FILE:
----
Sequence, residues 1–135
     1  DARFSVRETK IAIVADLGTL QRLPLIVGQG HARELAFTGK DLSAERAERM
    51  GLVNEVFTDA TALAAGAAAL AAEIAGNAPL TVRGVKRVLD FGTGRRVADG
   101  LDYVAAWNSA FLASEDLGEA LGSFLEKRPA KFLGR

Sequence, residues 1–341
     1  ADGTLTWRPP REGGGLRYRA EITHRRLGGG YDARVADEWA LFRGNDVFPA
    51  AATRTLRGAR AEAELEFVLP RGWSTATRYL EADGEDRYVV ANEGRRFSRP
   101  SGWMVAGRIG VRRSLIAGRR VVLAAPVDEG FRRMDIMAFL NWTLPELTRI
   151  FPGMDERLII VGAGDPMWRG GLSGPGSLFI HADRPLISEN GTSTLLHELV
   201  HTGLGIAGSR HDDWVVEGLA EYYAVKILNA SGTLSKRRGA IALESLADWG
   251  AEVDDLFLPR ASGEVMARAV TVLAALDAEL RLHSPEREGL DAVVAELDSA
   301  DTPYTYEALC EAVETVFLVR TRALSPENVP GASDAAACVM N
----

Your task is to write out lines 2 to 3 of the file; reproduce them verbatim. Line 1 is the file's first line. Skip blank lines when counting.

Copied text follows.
     1  DARFSVRETK IAIVADLGTL QRLPLIVGQG HARELAFTGK DLSAERAERM
    51  GLVNEVFTDA TALAAGAAAL AAEIAGNAPL TVRGVKRVLD FGTGRRVADG